How have you achieved success in holding exhibitions for our industry around the world?
I have spent 32 years with Jaarbeurs and my career has been influenced by all the things going on around me including the decision in 2001 to partner with  the publisher VNU who was entering the exhibition business in Europe.. We established a new exhibition company, partly owned by VNU and partly by Jaarbeurs, which was overseeing the exhibition business of both entities in Europe.  History shows this was a very successful co-operation until the VNU ended up in the hands of an investor.
Jaarbeurs decided to  reacquire the shares in 2007 and we integrated the operation  back into Jaarbeurs. I was for seven years responsible for the entire exhibition business. Nowadays I am Chief Financial Officer of Jaarbeurs and  responsible for our international operations.
Working successfully in the international marketplace is not just following the words agreed on paper with our partners. Both partners need to have true dedication to the objective they jointly want to achieve and intensive communication is continuously necessary. Both partners must respect each other and be willing to learn which means willing to develop.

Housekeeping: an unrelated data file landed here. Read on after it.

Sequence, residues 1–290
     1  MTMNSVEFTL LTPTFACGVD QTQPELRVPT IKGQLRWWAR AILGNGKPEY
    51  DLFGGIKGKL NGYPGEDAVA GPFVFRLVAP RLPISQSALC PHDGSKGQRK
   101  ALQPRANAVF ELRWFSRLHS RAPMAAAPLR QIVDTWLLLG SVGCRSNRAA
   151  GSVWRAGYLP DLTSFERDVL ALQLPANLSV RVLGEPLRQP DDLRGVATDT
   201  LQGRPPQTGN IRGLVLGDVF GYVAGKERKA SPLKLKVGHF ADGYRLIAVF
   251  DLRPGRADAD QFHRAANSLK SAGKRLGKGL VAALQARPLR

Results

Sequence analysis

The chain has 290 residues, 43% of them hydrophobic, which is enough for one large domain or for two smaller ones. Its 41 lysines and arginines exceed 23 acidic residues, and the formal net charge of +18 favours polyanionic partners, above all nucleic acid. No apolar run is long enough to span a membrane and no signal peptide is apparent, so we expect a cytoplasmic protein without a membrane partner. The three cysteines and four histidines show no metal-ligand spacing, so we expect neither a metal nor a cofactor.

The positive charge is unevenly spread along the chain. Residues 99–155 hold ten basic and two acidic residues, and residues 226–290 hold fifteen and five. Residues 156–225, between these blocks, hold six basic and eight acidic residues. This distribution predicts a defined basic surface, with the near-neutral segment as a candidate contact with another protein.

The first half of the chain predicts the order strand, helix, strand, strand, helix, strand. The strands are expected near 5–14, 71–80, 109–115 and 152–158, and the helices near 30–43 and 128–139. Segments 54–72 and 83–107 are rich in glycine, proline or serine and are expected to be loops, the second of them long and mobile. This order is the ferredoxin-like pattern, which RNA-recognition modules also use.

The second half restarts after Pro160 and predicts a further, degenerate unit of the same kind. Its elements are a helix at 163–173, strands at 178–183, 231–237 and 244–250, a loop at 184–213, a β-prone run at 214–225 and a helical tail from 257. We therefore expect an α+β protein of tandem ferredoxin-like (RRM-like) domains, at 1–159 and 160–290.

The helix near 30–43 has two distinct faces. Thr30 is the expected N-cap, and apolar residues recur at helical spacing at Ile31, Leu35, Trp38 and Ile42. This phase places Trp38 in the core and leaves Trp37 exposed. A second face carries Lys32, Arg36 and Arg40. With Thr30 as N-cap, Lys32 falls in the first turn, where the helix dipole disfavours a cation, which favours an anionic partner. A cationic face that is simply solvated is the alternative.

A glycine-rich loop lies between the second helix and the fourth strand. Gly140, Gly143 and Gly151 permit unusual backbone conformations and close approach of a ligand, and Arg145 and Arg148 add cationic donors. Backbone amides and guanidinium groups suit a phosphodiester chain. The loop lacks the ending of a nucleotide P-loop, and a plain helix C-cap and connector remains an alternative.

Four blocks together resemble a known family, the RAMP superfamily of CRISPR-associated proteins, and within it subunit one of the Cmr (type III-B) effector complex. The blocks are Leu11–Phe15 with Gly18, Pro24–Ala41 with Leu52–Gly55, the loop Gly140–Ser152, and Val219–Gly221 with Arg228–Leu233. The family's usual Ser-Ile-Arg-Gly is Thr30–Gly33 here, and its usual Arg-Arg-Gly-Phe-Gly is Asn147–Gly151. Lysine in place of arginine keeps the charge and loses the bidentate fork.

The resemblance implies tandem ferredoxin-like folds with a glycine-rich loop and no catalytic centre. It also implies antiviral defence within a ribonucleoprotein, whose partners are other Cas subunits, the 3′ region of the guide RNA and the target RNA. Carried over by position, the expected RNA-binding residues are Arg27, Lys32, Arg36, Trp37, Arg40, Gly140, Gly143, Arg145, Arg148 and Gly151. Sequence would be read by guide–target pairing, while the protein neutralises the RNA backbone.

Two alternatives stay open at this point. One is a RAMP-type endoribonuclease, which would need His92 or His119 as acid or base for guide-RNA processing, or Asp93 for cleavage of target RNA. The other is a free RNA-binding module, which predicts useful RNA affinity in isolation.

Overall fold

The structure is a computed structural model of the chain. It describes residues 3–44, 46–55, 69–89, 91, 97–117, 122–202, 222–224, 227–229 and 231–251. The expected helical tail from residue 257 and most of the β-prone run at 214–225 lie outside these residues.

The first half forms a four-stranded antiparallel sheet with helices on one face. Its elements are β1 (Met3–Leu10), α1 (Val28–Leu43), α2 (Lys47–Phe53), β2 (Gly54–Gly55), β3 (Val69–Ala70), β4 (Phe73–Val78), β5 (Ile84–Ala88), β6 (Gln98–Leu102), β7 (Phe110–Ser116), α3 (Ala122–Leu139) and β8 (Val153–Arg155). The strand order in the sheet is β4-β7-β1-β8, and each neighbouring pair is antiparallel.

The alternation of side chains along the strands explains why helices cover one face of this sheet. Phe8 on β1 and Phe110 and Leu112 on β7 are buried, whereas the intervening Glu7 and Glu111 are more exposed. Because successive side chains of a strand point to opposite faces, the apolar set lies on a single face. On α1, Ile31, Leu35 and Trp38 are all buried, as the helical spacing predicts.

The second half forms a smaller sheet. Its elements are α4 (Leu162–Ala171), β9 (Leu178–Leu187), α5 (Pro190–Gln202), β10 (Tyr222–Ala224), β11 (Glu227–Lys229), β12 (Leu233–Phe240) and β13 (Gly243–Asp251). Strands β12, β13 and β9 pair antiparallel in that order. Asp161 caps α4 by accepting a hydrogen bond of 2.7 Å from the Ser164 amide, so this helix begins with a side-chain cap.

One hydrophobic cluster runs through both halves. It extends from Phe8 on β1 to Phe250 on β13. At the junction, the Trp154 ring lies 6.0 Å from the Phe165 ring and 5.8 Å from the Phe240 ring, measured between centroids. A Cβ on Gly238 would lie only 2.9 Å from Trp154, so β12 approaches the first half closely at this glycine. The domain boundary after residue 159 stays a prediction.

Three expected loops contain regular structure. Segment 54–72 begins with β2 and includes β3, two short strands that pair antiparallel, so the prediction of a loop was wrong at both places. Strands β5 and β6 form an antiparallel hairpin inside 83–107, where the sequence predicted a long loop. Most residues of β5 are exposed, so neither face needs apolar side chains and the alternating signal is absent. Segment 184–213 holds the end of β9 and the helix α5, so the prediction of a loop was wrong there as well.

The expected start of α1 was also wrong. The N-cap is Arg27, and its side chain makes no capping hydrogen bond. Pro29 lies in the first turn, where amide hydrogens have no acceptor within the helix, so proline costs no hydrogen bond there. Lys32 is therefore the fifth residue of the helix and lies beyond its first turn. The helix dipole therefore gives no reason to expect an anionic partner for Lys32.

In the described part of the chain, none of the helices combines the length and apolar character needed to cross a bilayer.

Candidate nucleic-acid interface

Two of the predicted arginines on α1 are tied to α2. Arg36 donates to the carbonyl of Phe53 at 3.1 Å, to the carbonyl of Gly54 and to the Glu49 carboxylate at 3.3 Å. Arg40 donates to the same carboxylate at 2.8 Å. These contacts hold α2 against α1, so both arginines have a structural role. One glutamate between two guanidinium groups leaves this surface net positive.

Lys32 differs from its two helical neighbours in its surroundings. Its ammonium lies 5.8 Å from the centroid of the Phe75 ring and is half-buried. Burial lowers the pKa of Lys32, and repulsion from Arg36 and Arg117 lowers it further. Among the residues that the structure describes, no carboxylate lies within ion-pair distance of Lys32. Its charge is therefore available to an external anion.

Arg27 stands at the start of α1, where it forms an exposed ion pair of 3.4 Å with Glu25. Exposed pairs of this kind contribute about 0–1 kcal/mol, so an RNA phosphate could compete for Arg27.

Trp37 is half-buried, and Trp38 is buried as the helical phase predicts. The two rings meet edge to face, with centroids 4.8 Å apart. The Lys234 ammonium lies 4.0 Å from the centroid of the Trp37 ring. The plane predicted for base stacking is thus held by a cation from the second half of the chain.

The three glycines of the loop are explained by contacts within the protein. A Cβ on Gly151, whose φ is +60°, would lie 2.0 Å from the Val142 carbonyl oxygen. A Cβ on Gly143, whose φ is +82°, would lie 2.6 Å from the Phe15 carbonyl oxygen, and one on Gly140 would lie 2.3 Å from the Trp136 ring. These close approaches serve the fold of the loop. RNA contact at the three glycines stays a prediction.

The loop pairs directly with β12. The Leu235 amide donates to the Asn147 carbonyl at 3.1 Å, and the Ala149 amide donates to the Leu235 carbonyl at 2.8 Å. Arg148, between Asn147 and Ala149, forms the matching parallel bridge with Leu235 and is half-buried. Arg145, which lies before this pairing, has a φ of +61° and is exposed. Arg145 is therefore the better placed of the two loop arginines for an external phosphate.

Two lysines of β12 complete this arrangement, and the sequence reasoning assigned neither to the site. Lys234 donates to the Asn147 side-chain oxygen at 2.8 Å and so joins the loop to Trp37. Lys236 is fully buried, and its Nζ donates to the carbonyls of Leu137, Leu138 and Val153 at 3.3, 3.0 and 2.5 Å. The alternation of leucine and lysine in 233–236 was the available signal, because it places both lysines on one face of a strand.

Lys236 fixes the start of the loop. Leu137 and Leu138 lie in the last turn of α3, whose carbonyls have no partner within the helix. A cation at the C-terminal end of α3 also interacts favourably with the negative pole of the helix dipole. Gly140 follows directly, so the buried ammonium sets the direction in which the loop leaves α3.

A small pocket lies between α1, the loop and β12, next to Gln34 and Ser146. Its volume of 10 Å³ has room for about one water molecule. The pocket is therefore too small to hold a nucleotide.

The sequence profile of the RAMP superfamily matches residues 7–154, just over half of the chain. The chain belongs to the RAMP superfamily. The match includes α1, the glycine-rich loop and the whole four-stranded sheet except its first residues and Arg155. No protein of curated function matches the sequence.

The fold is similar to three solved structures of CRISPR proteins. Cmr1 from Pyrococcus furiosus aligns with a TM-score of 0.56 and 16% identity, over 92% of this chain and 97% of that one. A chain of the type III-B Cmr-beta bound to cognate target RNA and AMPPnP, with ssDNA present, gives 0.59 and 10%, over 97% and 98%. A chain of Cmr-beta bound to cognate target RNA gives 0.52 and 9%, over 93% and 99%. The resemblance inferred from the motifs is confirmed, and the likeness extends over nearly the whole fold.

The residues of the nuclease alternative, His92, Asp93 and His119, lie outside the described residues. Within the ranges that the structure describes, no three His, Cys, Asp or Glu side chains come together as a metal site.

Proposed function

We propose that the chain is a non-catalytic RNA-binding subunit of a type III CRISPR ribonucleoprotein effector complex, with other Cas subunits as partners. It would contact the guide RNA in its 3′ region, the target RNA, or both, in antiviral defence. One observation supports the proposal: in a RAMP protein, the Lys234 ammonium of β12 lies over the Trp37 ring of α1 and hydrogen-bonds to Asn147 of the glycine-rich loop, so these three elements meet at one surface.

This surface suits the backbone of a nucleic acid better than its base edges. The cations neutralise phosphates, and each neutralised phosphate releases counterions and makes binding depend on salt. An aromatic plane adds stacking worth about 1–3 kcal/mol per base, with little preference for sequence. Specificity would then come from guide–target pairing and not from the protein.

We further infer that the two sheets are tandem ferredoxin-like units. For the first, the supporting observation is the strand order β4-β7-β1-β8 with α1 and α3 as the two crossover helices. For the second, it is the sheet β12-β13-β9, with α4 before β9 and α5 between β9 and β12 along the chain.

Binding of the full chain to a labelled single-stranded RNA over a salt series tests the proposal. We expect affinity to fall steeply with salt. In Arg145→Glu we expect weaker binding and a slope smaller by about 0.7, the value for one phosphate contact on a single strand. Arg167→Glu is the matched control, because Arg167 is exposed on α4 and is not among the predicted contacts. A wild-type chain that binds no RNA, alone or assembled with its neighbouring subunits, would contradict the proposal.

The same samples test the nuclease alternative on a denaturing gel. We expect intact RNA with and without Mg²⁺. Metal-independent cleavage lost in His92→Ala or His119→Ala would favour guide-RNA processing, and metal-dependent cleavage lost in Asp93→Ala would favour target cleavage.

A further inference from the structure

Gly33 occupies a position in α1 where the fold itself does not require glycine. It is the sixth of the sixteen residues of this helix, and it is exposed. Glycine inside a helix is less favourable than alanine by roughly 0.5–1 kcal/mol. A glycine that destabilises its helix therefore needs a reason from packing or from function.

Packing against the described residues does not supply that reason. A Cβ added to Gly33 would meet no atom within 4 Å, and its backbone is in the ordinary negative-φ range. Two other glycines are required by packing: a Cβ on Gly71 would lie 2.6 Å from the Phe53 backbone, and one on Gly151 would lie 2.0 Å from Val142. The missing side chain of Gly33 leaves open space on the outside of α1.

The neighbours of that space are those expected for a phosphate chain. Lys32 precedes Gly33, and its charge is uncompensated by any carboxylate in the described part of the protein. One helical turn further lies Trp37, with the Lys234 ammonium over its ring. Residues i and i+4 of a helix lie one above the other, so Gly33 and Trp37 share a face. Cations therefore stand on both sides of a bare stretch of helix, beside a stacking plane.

It’s like a marriage. You have to be flexible, understanding and trust each other.
Obviously, there are gaps in culture between partners. Jaarbeurs is a foundation, we don’t have shareholders. So all the money stays within the company. With this approach it is very much easier to co-operate with external partners.
Agriculture and agricultural production needs a long term view. If you want to build up a successful farming business you need a scope of at least 20 years. I think that’s why we are so committed within this sector.